Valuation of Stock Holdings and Interest on Debt in Arizona
In McCune v. McCune, 586 P. 2d 651 (1978), the Court considered whether a Trial Court had followed its instructions. The case involved the valuation of a divorcing wife’s share of a business run by her husband.
Facts of the Case
Mrs. McCune and Mr. McCune lived in Arizona as a married couple until Mrs. McCune filed for dissolution. At that time, their community property included a 76% interest in the business.
The court entered a judgment awarding her half of the stock held by the couple. She appealed that ruling.
She argued that, as a minority shareholder, her “half” of the stock was worth considerably less than the Husband’s stock.
She claimed she would have trouble selling it. Since her husband ran the business, she could not enforce her dividend rights.
She asked to be awarded a sum equal to half of the value of the couple’s interest in the business. The Court of Appeals agreed.
The Court sent the case back to the Trial Court to determine the value of the stock holdings. It was to award a money judgment equal to one-half of that amount to Wife.
The trial court held a hearing and entered a new judgment, from which she appeals.
Mr. McCune asked the trial court to limit the issue on remand to how she should be paid $127,190.00. That was the book value of 50% of the McCune’s total stock holding. The trial court granted this.
The wife claims that the book value understated the value of the stock. The trial court said that it would evaluate all of the trial evidence to determine value. It also stated that it had sufficient evidence to make a proper determination.
The Court of Appeals ruled that there was no requirement that the Trial Court take further testimony.
Interest on Debt
The trial court entered an amended decree of dissolution. It stated that Mrs. McCune’s interest in the business is to be purchased by Mr. McCune for $127,190.00. It requires him to pay her $650 per month until the sum is paid in full.
On appeal, Wife argues that she is entitled to interest on the unpaid principal balance. Interest should run from the date of the original divorce decree, January 5, 1976. The Court of Appeals agreed. It noted that in Arizona, the interest for any legal indebtedness is fixed by law at 6% per annum.
The Court of Appeals ordered that the judgment is modified to include interest at 6% per annum on the unpaid principal balance. It otherwise affirmed the judgment below.
Other Articles About Community Property in Arizona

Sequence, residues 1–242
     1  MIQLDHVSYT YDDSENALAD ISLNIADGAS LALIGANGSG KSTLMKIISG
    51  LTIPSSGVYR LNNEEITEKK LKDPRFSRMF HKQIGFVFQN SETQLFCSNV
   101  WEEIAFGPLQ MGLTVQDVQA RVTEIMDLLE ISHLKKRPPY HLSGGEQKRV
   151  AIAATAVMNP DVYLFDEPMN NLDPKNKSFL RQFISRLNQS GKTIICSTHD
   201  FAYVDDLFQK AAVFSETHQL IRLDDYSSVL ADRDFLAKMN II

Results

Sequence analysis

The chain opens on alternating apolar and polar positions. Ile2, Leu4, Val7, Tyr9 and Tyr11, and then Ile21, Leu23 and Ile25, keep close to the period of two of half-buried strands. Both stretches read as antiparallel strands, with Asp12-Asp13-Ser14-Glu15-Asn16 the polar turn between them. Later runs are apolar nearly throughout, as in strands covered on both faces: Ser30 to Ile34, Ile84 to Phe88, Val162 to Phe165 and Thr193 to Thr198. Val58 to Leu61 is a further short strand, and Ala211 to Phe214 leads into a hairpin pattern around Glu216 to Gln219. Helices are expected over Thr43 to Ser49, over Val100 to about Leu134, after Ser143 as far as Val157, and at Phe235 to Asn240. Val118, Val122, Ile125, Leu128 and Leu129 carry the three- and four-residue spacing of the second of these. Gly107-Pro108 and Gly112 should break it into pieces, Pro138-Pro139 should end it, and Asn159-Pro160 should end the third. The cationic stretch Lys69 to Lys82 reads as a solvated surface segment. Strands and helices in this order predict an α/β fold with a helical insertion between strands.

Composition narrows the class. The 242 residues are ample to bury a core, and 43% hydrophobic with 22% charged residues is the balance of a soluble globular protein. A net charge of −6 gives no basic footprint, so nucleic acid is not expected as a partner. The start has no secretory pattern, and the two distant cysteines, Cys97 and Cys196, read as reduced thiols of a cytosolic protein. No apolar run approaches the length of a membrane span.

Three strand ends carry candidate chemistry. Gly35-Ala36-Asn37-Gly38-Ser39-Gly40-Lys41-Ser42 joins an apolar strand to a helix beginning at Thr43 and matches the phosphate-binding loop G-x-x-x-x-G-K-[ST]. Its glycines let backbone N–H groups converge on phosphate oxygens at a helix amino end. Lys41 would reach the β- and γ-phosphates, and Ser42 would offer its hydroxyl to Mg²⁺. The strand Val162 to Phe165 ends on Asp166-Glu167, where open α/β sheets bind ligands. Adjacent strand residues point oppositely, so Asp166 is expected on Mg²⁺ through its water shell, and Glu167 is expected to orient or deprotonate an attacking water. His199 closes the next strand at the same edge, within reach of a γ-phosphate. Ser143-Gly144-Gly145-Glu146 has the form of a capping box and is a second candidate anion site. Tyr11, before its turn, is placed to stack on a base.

- Community Lien on Sole and Separate Property in Arizona
- Community Lien in Arizona
- Community Liens Separate Property in Arizona
- Community Property and Personal Guaranty in Arizona
- Determining Community Versus Sole Property in Arizona
- The difference Between Community and Separate Property in Arizona
- Disclaimer Deed in a Divorce in Arizona
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- Dividing Property Not Included in Divorce Decree in Arizona
- Division of Debt in an Arizona Divorce
- Do Rules Regarding Property Apply to Debts in an Arizona Divorce
- Enforce Division of Property and Debt in an Arizona Divorce
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- How is Property Divided in a Divorce in Arizona
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- Is All Property Community Property in Arizona
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- Is a Spouse Liable for Credit Card Debt in Arizona
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- What is Community Property in Arizona
- What is Separate Property in Arizona
Chris Hildebrand wrote the information on this page about the valuation of stocks and debts in an Arizona divorce to ensure everyone has access to information about family law in Arizona. Chris is a divorce and family law attorney at Hildebrand Law, PC. He has over 24 years of Arizona family law experience and has received multiple awards, including US News and World Report “Top Arizona Divorce Attorneys”, Phoenix Magazine “Top Divorce Law Firms”, and Arizona Foothills Magazine “Best of the Valley” award. He believes the policies and procedures he uses to get his clients through a divorce should all be guided by the principles of honesty, integrity, and, quite frankly, actually caring about what his clients are going through in a divorce or family law case. In short, his practice is defined by the success of his clients. He also manages all of the other attorneys at his firm to make sure the outcomes in their clients’ cases are successful as well.
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